Almost all 4xx notifiers appear due to the activity of the user or the software, but sometimes it could be fixed only by the webmaster. And all causes for notifiers from the 4xx codeset are ordinarily typos, inaccuracies or, in instances of server-related troubles, badly configured settings. Therefore, although sometimes it may be the server-side fault, in general terms all 4xx notifications are about the fact that the resource or the content are inaccessible for some reason.
Taking server-related mishaps into account, it was mentioned earlier that there’s a possibility that its setup is messed up. Beginning from the wrong acceptable size of the headers or even wrongly set up requirements (417 error) and up to the lacking bandwidth or even expired SSL or TLS.
From SEO point of view, any search engine parsing service basically will exclude the site from the SERP queues as soon as any of the 4xx notifiers appear. Because, all things considered, they won’t be able to fetch and cache the site, therefore they’ll have nothing to parse and nothing to add to the SERP queues. And it’ll be followed by situations when the traffic on the site is reduced, and the site’s ratings start going down as if it suddenly became completely inaccessible.
The 400 response code importance
For webmasters the appearance of 4xx notifications in logs or for users conveys that there’s a huge possibility that the situation will become bad if it won’t be diagnosed and fixed. On top of it, it conventionally means that something on the server was set up wrong during initial configuration or last update. To put the case in point, 404 or 410 are saying that the demanded object was moved or erased permanently without any redirection. Or if the server returned 409, then its configuration could be incorrect.
Also, as it was mentioned above, 4xx notifiers appearing for users are basically the signal for any webmaster to fix things as swiftly as possible to prevent problems for SEO of the site and its current SERP ratings. It could be hard for the team to return to the preceding positions in queues if the situation with 4xx messages is unnoticed or unfixed for a long time. Because it will basically be the same as when the site is inaccessible and could not be loaded completely despite being in working condition.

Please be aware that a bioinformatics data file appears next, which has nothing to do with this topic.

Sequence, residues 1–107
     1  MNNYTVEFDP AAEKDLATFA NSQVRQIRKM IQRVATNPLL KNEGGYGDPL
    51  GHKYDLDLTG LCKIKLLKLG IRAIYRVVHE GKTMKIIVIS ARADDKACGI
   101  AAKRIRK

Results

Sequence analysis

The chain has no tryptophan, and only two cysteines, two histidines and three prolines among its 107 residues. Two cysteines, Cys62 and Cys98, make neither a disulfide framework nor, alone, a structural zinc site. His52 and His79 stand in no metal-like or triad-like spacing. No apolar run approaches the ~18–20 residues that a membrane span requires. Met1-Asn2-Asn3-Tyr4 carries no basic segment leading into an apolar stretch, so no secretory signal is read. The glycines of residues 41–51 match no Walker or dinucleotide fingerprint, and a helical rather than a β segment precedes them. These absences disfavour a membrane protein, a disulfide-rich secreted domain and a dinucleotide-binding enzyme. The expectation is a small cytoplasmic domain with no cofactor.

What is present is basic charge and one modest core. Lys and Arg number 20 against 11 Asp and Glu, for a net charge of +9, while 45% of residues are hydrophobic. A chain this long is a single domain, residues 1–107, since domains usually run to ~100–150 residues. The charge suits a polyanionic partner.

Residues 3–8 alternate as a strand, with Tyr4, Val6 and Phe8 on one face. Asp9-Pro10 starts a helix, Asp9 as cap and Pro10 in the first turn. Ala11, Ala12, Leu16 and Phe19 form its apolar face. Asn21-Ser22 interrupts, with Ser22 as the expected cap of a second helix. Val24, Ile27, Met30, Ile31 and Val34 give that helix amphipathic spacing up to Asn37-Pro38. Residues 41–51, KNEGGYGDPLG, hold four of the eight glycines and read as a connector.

Moreover, considering all that was mentioned above, 4xx issues will surely affect the user experience in a bad way. Because if the issue is on the client’s side, then it won’t disappear no matter what the user will do. And if left unfixed, it will be a mishap of the same degree as it’s for SEO - users won’t be able to get to the site no matter how hard they try.
How to fix the response code 400
The best method to tackle the appearance of 4xx notifiers is to monitor the site with powerful tools in addition to constantly looking through the server logs. To put the case in point, any webmaster could use automated monitoring services offered by the Host-Tracker platform. Particularly, it has a convenient HTTP monitoring tool that will check the returned notifiers with codes from various places around the world.
Taking into account that this tool is working as a client, Host-Tracker toolkit can reproduce basically any 4xx return except ones related to user-side problems. And what’s most important, round-the-world access points can even find out the appearance of the 451 notifier for locations and the site’s state as prohibited by the law there along with it.